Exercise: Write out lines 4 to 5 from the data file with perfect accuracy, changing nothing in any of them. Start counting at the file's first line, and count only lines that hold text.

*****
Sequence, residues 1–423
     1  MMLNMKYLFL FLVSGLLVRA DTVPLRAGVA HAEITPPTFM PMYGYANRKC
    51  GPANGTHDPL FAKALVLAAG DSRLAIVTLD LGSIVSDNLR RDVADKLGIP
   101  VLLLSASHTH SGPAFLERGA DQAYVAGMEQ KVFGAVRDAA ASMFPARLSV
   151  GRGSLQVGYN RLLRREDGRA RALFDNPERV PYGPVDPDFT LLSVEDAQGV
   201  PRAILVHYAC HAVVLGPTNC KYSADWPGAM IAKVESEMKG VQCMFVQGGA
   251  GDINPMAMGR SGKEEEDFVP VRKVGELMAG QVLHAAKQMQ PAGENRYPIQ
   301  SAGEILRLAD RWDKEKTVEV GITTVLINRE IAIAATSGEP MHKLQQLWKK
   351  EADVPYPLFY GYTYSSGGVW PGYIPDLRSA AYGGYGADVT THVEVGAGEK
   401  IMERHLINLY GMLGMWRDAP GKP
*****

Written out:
   101  VLLLSASHTH SGPAFLERGA DQAYVAGMEQ KVFGAVRDAA ASMFPARLSV
   151  GRGSLQVGYN RLLRREDGRA RALFDNPERV PYGPVDPDFT LLSVEDAQGV